I've also e-mailed the support team at Photoshop to express my concerns over this issue. Part of me wants to think that they will take notice, but another is more realistic.
Here is a copy of the e-mail I sent:-
Hi I am an educator/artist/photographer, I teach photography and photoshop, to post secondary students, over 100 students a year in fact. Photoshop has been the main photo editing tool taught in our college for many years.
Needless to say I was excited to be given an opportunity to trial the beta version of CS3.
However, my disappointment sank to great depths, after speaking to Technical help today and was told that older Photoshop licence numbers can NOT be used to extend the 2 day trial period of CS3.
Given that I am unable to reasonably evaluate the software, I will no longer be in a position to advise as to it's suitability for my students. The outlay for my college is very high and I am not prepared to pay for a product that MAY not suit our needs.
I will be advising ALL my future students to seek out and find alternatives to Photoshop, and personally will investigate options open to myself and my students for cheaper smaller and faster applications to use to edit their photographs.
*For those of you who know me this is a joke.
Here's the final word on the issue of Photoshop and their money grubbing attitude, at least they responded very quickly, pity about the grammar and spelling.
Thankyou for your email.
Above is a link that has information about Photoshop CS3 Beta Version.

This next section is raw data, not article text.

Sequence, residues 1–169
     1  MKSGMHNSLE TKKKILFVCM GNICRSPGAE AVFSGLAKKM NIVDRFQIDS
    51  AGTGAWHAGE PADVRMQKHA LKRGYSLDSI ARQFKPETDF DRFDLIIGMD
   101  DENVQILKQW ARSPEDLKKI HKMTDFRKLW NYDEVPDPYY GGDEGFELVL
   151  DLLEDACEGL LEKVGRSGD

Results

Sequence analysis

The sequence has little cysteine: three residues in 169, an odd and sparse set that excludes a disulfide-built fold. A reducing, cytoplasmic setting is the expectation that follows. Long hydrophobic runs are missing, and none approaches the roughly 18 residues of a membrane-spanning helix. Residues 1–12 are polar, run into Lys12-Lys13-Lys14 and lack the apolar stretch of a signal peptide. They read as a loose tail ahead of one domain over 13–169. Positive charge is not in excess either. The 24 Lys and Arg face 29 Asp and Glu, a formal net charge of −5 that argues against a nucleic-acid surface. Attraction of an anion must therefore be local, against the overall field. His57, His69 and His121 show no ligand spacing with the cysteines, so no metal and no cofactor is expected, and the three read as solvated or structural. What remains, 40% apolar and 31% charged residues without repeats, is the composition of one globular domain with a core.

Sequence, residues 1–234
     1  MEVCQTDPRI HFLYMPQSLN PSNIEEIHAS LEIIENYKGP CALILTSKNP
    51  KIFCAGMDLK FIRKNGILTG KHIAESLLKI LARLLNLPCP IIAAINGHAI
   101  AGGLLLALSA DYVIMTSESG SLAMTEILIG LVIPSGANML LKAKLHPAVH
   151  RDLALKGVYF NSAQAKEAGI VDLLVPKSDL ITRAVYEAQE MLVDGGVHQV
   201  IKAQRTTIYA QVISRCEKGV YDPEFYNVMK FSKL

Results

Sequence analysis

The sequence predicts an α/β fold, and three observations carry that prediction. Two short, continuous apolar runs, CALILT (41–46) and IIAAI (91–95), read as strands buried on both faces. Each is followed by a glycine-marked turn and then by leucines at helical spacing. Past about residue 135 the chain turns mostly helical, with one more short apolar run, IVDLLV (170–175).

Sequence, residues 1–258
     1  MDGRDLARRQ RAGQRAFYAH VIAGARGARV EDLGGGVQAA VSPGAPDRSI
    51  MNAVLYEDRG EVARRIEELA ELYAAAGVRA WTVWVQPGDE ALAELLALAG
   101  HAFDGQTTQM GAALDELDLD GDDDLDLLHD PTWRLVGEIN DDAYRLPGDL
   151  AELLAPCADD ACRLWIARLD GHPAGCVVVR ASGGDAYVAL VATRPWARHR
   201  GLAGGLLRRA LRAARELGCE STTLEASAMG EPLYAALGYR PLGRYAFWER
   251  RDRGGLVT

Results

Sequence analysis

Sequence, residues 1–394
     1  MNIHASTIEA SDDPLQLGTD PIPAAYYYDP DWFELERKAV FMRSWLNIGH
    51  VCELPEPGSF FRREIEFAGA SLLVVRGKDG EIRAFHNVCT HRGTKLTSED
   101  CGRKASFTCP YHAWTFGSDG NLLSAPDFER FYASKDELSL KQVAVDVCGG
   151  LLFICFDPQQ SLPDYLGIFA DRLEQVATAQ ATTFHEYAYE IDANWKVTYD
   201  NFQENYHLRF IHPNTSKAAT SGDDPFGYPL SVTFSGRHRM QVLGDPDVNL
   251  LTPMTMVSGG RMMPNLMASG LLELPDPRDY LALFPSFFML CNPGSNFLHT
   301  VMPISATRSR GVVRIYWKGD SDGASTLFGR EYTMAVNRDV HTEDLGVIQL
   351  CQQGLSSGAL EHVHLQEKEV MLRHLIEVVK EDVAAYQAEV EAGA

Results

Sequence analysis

I certainly understand your frustration about not being able to fully use the Trial.
Though it is a trial version and only last for 2 days, it might be possible to download the trial onto another computer, I hope this may be helpful?
Adobe Customer pride themselves on being good at what they do, and giving 100% commitment in all they do.
We of course are binded by rules , that for example apply to trial versions being available for a certain period of time.
I hope this is of some assistance.
Warmest Regards and Season's greetings are sent to you!
Not too much to say really, hardly surprising after 2 days of talking about photoshop.
This scene at the end of our street is one I've had my eye on for a while, very happy with this shot, the sense of pace and light combined with the weird combination of the play equipment and industry speak volumes to me about modern suburban living, in Australia anyway.
Is slowly resuming. While the prints for my solo show lay here in my study all rolled up, ready to hang, I figured I'd share some tips on photoshop. This process is remarkably similar to a wet darkroom context, fwiw.
What all this really means is another of my photoshop workshops, is on the horizon.
Here is the original 16 bit scan, unadjusted. [I prefer to adjust post scanning, not that Silverfast isn't a good scanning package, I just prefer to work at home, whereas the scanner is at work.]
This is obviously nowhere near the original photograph, in terms of colour, density, and contrast.
The first thing then is, adjust the available data to see what the image looks like. A small aside here, if I may, I will be editing in 16 bits to minimise loss of data throughout the process, as Photoshop is a pixel editing application, and it destroys pixels in the process of editing, I'm told in part because of something called a rounding error.